Solutions For Parents

Let Me Introduce Myself

Let Me Introduce Myself Cleb

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Cleb, father and mother

Classroom Visit - Friday, October 25th

Cleb was hyper vigilant, out of control and it was late in the day; father wants legal help to get his son in school; the observer wrote a letter to that effect. Cleb is biting and chewing and yelling and not teachable in this situation. This activity reinforces that he needs help in the classroom to attend to what he is doing, helping him link actions to words. These types of two-way communication and language play are top priorities for Cleb. Cleb’s parents should choose to have him continue to attend Adain Lo one more year because he still requires so much one-to-one teaching and one-to-one social attention during the school day. Without it, he resorts to disorganized behavior and loss of focus. Cleb still engages other children infrequently; therefore adults are better playing and teaching partners than other children, as he is not likely to make friends very easily in a new setting in a big classroom.

At Adain Lo, he already has friends and because he is taught by adults, he may learn with more ability to relate to the other children. Cleb already knows a great deal of information and knowledge. His parents work with him using a variety of play and reading materials, as well as toys of different sizes, shapes and weight attributes.

Cleb continues to need multisensory games using household items that are both heavy and light, items that teach counting and measuring, that contain different amounts of water and sensory (sight, sound, and touch) and games that teach how objects are either similar or different, such as big and small, tall and short, soft and hard, noisy and quiet, etc.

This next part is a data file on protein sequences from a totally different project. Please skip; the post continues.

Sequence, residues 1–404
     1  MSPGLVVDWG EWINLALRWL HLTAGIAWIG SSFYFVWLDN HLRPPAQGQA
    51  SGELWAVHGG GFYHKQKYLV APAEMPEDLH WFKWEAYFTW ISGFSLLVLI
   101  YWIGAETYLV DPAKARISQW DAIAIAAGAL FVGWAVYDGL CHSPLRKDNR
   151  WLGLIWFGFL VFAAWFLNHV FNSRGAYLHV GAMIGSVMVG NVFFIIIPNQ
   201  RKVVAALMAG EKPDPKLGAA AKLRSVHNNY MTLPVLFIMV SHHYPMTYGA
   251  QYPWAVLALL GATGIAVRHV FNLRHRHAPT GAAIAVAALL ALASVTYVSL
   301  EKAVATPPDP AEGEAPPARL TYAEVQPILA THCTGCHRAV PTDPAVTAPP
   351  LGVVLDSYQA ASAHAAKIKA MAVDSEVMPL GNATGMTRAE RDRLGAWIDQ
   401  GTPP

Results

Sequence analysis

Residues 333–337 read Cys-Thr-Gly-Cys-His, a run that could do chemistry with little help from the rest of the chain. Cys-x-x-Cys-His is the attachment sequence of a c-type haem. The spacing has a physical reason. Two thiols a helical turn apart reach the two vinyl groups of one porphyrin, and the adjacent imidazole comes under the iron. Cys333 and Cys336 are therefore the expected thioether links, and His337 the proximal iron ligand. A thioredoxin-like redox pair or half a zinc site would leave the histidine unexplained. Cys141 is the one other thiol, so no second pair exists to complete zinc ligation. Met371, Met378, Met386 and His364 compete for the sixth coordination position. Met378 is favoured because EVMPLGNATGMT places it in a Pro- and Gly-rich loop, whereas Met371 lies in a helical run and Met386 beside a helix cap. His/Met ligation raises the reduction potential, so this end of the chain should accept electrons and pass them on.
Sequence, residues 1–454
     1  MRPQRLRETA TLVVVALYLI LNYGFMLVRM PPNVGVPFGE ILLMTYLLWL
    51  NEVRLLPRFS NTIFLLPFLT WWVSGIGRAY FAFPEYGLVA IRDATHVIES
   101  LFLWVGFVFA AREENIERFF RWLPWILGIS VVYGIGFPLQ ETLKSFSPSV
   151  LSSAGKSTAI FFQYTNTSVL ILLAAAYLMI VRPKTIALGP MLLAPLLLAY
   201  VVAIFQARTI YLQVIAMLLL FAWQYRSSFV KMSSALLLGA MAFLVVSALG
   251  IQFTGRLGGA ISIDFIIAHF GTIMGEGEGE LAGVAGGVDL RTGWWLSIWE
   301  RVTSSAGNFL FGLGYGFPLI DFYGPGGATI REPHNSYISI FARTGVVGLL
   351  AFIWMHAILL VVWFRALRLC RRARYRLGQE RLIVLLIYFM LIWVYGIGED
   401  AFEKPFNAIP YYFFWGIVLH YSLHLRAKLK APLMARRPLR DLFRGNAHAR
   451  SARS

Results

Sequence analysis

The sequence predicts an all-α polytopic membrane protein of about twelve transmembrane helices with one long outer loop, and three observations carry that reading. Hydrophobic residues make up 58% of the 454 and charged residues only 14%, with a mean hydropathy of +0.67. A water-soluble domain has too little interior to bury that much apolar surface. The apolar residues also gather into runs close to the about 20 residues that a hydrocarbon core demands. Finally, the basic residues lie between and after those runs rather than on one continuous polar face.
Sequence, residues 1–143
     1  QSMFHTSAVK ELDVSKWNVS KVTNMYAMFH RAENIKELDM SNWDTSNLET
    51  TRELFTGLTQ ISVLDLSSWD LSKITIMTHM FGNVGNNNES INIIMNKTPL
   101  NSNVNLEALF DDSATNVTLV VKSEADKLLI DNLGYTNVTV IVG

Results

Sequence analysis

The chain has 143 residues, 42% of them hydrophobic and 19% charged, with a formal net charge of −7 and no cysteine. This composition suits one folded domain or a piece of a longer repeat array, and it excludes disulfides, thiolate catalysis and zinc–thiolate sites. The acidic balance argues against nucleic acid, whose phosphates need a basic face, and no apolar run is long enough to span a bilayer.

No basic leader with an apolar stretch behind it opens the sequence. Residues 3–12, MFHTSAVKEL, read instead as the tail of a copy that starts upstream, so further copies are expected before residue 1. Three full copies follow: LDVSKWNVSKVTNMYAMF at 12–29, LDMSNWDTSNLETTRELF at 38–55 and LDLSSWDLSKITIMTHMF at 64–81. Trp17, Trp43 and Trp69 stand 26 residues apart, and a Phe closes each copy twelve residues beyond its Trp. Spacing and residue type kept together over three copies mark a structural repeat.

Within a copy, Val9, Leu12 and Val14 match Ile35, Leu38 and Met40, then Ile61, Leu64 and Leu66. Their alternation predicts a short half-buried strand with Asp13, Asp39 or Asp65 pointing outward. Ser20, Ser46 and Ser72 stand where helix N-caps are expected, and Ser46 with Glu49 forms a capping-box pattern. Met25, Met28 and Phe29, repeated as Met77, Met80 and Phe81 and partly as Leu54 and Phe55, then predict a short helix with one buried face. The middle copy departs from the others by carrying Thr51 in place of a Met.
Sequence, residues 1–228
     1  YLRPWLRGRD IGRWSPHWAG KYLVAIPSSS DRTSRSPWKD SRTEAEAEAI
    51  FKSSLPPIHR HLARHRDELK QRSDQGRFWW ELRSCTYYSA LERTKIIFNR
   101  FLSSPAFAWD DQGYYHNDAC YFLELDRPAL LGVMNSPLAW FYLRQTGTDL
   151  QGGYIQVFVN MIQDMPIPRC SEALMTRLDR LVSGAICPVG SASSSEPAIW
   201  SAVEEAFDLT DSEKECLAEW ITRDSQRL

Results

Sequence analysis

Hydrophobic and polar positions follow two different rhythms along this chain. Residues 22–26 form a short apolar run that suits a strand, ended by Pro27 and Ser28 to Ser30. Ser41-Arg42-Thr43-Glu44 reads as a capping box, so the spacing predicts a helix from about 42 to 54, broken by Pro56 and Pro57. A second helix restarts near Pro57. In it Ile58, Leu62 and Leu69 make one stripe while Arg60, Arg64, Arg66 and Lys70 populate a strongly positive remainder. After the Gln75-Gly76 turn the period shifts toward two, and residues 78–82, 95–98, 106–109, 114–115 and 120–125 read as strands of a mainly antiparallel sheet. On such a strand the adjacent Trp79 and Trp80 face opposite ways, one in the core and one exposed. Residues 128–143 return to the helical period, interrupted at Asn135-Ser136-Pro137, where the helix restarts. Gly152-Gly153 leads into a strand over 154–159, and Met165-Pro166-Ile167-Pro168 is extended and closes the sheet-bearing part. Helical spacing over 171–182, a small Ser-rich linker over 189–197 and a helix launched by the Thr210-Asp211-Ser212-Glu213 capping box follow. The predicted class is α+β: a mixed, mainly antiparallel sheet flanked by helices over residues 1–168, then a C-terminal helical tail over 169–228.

Cleb needs to follow what is written in a notebook that contains a schedule of activities for every day of the week. He must learn to “read” the pictures, drawings and words in the notebook that spell out his daily home schedule. This activity for keeping a schedule will be vital to his success when he has to follow classroom procedures. This will be a test to see if he can follow the pictures and do all the tasks that are required, with his parents reminding him. When he gets to school, then, he will not be totally dependent on teachers to direct him.

At first he will need help and many reminders to go look at the book to remind him of what comes next in the day. For example, the first activity is to wake up when the alarm clock goes off or mother wakes him up; next, a picture to tell him to brush teeth, make his bed, eat breakfast, help with housework, go to play, do exercises, have a snack, go to the garden, water plants,etc. These daily activities will organize Cleb’s mind, so he can plan in his brain how to structure how to interact, talk and listen and understand a sense of sequence and order.

Thank you for inviting the observer to make a summer teaching plan based on our conversation during our April 2006 home visit. I look forward to our next meeting in April, 2008. Susan Turben

Should you have any question, please Ask Dr. Susan for your free parenting advice.

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